Assess: Exterior Shading
The most effective way of reducing solar heat gain is to block the sun’s radiation before it reaches the windows. Shade trees, awnings, shutters and solar screens are examples of exterior shading solutions.
Trees and Landscaping
Granted, trees are much more than a shading solution and they are certainly not a quick fix.
Even so, nothing can provide much better shade in the summer than a great broad-leafed tree.
Besides providing shade, trees and other vegetation have also been found to reduce the
summer air temperature around them by as much as 9° F due to evaporation of moisture.
The ability of deciduous trees to change their foliage with the seasons is a great benefit for the
purposes of summer shading without blocking too much sunlight in the winter. Trees and
bushes can give strategic shade from low east or west sun angles that would not be blocked
by any overhang. However, since shading from plants depends very much on sun angles and
seasons, it is in most cases just a complementary solution to other, more permanent means
of solar heat gain protection for the windows.
For detailed information on landscaping for shading, views, and other benefits, see the Department of Energy’s Energy Savers site.
Today’s awnings are often made of synthetic fabrics that are water-repellent and treated to
resist mildew and fading. Opaque and tightly-woven awnings of light color reflect a large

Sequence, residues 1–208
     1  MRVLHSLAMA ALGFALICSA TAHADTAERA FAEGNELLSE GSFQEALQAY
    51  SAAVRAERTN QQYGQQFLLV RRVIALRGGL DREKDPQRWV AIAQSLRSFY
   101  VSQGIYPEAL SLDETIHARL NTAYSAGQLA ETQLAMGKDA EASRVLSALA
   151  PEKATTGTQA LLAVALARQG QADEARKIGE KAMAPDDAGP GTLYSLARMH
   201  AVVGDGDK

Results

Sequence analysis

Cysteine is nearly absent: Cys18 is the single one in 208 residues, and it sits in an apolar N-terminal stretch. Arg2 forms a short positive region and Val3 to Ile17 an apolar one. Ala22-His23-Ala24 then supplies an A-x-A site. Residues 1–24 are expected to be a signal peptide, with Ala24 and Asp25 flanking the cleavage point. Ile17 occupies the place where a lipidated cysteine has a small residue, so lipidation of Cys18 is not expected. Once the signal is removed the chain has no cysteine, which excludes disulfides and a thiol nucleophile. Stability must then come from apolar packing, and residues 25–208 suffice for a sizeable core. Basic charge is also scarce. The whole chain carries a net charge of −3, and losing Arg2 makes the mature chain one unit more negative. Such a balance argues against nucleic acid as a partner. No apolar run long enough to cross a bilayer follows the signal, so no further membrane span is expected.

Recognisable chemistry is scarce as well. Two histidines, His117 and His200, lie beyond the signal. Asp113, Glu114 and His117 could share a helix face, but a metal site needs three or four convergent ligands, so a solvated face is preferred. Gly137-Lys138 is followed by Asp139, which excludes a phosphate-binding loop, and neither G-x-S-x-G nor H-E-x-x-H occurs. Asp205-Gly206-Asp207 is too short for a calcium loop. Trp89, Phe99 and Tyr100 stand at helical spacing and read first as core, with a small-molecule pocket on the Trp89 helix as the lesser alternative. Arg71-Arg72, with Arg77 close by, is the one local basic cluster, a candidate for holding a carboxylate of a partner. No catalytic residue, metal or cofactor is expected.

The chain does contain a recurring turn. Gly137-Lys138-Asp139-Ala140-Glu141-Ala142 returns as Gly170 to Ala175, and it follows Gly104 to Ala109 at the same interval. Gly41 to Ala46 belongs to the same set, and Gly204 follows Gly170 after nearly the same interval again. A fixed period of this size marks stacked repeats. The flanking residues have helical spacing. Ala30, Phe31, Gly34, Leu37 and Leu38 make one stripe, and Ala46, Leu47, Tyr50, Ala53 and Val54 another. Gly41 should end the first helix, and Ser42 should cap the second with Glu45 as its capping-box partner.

portion of sunlight and solar heat. The effectiveness of awnings depends not only on their
material and design, but also on their placement and their ability to capture the variety of
sun angles during different times of the day and throughout the warm seasons of the year.
Keep in mind that even if the windows are well shaded from above, reflective ground surfaces,
such as asphalt driveways or terraces, can still allow substantial solar heat gain.
Awnings may block beneficial winter solar heat as well, but some awnings are removable or retractable, and south-facing awnings can often be sized so that they block out much of the summer sun but still permit lower-angled winter sun to enter. Retractable awnings are best used either in the fully extended or fully retracted position, as partial shading of the window can cause thermal stress. Also, awnings should provide pathways for ventilation to prevent hot air from being captured underneath.
In addition to reducing solar heat gain, exterior shutters may add protection against storms or vandalism. Solid shutters also reduce heat loss when tightly shut. The drawback is that most shutters block light and view and that their mounting, drainage, and hinging may not be easy to integrate into an existing home. Local fire codes may require mechanisms for operating shutters from the indoors.
Woven fiberglass or perforated metal solar screens mounted on the exterior of the window can lower a clear window’s solar heat gain coefficient by 30 to 70 percent. The open weave of the screen allows much of the heat from this absorbed radiation to be convected away before it interacts with the window’s glazing. Solar screens diminish light and view to some extent but can be removed during the winter to allow in more sunlight and solar heat.